Thursday, April 14, 2011

Plans and drawings

Fellsbridge 249 Runnymede Road Essex Fells

Fellsbridge, a 1957 concept house, designed for the “future” has a remarkable history. Perhaps the “future” never really arrived the way that it had been conceived and the house’s significant story had been forgotten in time. Recently the house and its unique history has been re discovered by the new owners, Dorothy Lanzara Godlewski, (educator and author) and her son Frank Gerard Godlewski, (preservation architect, historian and curator).

The concept is a “nine square grid” house, that French master architect Le Corbusier devised as a learning tool to teach young architects the dynamics of design. This unique redwood house, built into a brook, the property formerly an abandoned mill pond, is designed by Edward Bowser Jr., one of the few Americans to work in the Paris studio of the visionary architect Le Corbusier. Bowser, like his mentor “Corbu”, used this grid structure as a container of poetic gestures and architectural forms. The property is a completely natural wooded “zero” landscape, crossed by a lively brook that introduces the element of “natural music”. No chemical products are used or landscaping or watering done, so the wildlife flourishes and can be enjoyed from the abundantly glazed living spaces.

The floor planes are divided into nine squares, like a big “tic tack toe” board, is supported by structural elements of beams and columns. The nine squares are refined into living spaces with partition walls and service “volumes”. The central square is accentuated by a clearstory and dedicated to a service core; the kitchen, laundry room, bathrooms and central hearth. The architect uses a play of solids and voids as the house closes itself to the street (civilization) but opens up to the brook (nature). The house’s “butterfly” roof and main built form are reminiscent of Le Corbusier’s Council General Building of the United Nations in NYC – a close relative (architecturally speaking) of Fellsbridge.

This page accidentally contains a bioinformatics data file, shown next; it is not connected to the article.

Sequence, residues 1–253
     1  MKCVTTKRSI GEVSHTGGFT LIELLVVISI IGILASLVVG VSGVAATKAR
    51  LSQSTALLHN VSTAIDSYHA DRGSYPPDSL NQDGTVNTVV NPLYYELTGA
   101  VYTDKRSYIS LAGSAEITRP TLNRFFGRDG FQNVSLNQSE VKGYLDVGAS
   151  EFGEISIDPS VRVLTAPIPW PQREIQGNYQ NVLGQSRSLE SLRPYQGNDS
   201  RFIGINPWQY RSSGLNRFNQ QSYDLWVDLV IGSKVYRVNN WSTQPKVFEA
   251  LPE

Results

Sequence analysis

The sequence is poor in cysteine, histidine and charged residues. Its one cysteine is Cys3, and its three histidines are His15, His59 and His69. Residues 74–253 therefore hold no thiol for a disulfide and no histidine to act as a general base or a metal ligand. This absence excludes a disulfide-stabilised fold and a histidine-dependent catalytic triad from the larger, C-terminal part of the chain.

Within its neighborhood contest, the property seems like an extension of the forest beyond and the house seems like a ship ready to depart on the brook. Descending from the driveway, one lands in a carport pavilion and crosses a modernist bridge connecting to the top floor of the house. Once past the ivy covered blind street fa├žade, one enters into a glass box, perched high among tree branches above a brook. The forest seems infinite as one transcends into the world of trees and wildlife and is embraced by the playful sparkling of the brook.

The living room and dining room are glass and wood paneled living lofts with soaring cathedral ceilings. The vintage galley kitchen is a fun red white workspace that shares the central core tower volume with the laundry room and bathrooms. Beyond there is the master suite, dressing room, laundry room, master bath and boudoir.

From the entry, one descends a stair to the lower floor’s archives library with a twenty foot strip window and adjacent summer kitchen. The archives focus on a collection of local history, Italian – American and African - American history and architecture. On this floor there is also a brookside conservatory with bar-b-que fireplace and beyond there is a secondary master suite, the “Brook Bedroom”, a bath and a utility room/gym.

Even after fifty years, Bowser’s design genius creates fresh dynamic living spaces. There are many clever built ins and suprises. The natural forest setting crossed by a brook is spectacular. The Godlewskis are pleased to share their home with you for the holidays. It is a joy to live here!

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